Review: Greg Maqoma, reviewed by Francis Angol
Vuyani Dance Theatre
“Beautiful Me - Part Of” and “Beautiful”
Lilian Baylis Theatre
Saturday 4th March 2006
The artist - a landscape of ever shifting metaphors!
As part of the season of special projects by Sadler’s Wells, Gregory Maqoma, a South African based artist who has been described as one of the most talented choreographers to emerge from the new generation of South African artists, presented an evening of dance at the Lilian Baylis Theatre.
The programme was co-produced by Centre National de la Dance (France) and Vuyani Dance Theatre (South Africa) with the support of AFAA - Ministere des Affaires Etrangeres and A.K.C.T Ltd, the charitable arm of the Akram Khan Company.
The two works; “Beautiful Me - Part Of” and “Beautiful”, are part of the trilogy which looks at the beauty of human beings as juxtaposed with the beauty of things and the seasons that contribute to the wholesomeness of the universe’says Greg in Arts Alive.
As the audience entered the Baylis theatre to take their seats, they where presented with a stage void of wings encapsulating a set that one can only describe as somewhat surreal in nature and beautiful in sculpture.
A visionary landscape of two organic bodies, one female the other male set within a rectangular space outlined by a perimeter, a path constructed so as to represent a daisy field - green grass with beautiful different coloured daisies sparsely positioned around the route. The costumes were simple in design, pastel green fabric tailored to the body worked well in portraying a simplistic organic view of beauty. The lighting was soft and plain in design but effective in creating a feeling of harmonised intimacy between the body and its environment
The 75 minute programme presented an interesting view of the use of African dance within a theatrical presentation. Approached from a very contemporary perspective, the style of expression and choreographic structure gave an insight into Maqoma’s influences and training. Contemporary dance expression laced with an African resonance that gave the work an engaging edge.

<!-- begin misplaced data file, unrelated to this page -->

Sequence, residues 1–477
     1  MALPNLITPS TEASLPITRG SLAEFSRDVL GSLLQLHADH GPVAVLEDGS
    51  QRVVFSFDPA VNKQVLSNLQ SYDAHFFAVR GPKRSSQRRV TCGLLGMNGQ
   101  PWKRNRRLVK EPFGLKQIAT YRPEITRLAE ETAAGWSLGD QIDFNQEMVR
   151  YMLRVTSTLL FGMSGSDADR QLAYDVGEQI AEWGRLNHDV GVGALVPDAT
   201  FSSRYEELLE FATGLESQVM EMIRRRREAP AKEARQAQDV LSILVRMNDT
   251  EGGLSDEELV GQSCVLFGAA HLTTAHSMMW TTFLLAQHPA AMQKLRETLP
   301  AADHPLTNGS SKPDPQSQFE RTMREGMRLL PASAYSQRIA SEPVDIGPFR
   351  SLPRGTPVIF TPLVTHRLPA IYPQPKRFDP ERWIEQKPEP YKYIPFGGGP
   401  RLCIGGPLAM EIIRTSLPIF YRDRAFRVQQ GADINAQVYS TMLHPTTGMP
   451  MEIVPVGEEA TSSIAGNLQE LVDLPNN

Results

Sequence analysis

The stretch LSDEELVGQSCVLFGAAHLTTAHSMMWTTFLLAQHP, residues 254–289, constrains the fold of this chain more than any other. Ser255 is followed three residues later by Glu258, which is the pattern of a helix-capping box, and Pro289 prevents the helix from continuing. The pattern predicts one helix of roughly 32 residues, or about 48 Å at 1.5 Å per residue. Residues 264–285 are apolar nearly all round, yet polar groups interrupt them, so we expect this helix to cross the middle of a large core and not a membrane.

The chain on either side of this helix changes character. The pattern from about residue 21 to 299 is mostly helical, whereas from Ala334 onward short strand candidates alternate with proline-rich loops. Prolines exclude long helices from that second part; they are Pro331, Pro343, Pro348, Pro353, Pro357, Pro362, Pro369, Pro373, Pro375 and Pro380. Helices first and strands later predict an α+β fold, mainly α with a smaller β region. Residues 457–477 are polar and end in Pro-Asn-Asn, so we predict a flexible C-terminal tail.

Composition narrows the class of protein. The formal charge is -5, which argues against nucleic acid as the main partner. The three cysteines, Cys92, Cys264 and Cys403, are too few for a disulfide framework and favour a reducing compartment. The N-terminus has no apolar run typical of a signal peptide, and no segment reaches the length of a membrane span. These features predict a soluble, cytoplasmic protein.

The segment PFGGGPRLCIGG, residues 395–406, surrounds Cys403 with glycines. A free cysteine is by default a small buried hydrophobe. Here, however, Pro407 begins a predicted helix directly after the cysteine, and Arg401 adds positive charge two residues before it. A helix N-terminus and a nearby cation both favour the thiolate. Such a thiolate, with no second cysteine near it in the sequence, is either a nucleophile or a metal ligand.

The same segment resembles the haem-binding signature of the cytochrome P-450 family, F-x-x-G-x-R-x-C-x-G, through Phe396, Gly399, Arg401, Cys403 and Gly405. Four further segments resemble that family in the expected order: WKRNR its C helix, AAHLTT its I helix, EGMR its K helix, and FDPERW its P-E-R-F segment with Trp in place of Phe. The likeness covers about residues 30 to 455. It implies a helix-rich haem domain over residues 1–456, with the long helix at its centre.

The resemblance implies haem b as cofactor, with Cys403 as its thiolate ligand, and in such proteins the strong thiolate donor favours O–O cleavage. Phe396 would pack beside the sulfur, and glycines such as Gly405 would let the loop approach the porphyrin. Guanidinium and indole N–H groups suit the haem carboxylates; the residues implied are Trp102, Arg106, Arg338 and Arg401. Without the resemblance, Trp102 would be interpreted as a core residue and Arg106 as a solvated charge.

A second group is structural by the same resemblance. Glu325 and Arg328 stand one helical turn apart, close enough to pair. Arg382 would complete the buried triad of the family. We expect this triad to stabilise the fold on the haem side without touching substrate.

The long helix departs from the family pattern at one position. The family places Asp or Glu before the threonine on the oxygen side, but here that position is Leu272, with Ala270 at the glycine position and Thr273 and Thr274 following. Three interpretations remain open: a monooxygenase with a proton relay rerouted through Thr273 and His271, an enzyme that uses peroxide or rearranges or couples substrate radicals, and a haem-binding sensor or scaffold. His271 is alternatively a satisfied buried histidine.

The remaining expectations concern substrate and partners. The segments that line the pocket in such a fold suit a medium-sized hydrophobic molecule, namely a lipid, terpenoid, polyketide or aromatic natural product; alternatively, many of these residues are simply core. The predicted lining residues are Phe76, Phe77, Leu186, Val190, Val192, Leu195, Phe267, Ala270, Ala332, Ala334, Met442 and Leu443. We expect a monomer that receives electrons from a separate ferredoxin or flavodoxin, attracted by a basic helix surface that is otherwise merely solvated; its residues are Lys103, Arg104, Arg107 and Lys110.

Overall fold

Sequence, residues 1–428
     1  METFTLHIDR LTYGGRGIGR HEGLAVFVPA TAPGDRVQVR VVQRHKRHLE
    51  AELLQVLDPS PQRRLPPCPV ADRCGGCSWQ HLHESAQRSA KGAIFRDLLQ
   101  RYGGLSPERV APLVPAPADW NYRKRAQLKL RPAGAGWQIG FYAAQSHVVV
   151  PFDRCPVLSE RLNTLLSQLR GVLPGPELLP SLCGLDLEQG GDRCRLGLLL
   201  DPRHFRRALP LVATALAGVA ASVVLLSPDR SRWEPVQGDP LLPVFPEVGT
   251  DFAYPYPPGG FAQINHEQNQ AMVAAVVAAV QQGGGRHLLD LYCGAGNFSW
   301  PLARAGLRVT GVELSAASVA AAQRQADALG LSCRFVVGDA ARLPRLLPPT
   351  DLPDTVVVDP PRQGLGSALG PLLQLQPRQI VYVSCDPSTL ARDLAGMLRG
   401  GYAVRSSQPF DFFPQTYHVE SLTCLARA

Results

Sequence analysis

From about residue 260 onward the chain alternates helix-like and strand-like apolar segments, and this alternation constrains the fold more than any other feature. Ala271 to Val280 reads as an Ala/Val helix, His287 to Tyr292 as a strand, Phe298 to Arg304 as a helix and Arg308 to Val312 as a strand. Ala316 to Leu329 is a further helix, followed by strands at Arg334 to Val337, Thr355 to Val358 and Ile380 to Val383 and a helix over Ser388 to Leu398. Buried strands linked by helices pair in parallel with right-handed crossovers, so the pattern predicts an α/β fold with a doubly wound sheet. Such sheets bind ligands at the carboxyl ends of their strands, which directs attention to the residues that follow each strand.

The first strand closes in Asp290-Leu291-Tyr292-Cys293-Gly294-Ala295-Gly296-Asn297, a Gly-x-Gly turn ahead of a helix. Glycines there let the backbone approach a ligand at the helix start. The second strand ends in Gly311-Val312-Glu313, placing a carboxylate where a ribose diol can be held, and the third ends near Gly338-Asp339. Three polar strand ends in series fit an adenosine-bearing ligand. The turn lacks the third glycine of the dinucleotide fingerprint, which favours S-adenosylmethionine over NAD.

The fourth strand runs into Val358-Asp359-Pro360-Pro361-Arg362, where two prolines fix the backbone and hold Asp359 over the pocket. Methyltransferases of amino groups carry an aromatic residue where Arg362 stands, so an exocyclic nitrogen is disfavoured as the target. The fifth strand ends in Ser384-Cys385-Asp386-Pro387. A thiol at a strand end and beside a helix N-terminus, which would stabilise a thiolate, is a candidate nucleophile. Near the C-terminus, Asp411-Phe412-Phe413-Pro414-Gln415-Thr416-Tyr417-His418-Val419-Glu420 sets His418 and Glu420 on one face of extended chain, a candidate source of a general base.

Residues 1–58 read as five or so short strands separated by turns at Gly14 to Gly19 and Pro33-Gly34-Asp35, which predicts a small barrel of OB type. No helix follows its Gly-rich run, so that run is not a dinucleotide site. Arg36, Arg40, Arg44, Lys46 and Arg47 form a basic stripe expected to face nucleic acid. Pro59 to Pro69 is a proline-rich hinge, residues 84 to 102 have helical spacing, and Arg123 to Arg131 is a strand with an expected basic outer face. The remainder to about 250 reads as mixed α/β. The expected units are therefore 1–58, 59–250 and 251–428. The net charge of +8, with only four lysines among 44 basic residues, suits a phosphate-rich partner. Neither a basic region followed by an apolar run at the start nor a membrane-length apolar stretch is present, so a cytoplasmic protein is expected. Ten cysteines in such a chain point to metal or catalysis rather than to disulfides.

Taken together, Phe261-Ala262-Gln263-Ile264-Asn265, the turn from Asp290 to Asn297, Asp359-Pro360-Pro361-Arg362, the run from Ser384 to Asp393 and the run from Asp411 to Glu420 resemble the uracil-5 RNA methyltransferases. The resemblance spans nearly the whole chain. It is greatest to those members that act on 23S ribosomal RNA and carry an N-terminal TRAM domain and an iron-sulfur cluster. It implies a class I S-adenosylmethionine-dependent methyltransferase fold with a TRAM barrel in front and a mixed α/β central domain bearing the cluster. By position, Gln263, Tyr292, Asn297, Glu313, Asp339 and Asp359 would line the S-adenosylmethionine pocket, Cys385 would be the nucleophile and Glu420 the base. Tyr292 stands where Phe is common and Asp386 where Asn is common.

Sharp shoulder expressions with bounded and extended lower body movements created a mesmerising display of a movement signature that is inevitably Maqoma’s trademark. The use of repetition reinforced statements of expression, injecting a dynamics that played on movement metaphors. At times sweeping contemporary dance motifs and gestures set against a backdrop of cultural expressions made it difficult to position the style of expression into one defined category. The female dancer moved with poise and elegance, shifting and flowing from one dynamic gesture to the next, creating a sentiment of harmony with every executable step.
Maqoma’s tall prominent stature animated the landscape with a griot like presence, exhibiting the skill and confidence of one well versed in their art. The movement vocabulary was rooted in placement and angular in outline. Free flowing sharp precise motifs and transitions exhibited an interesting meeting of forms. A style and structure that can be described as circular intensions interconnected through parallel planes within a defined arena of expressions.
A most satisfactory evening of solo and duet work that allowed the voice of contemporary Africa to be made visible. Through this presentation one can only hope that, this kind of work and collaboration will help to influence the development of similar artists working in comparable genres and by doing so educate individuals and further enhance the diverse richness of British dance.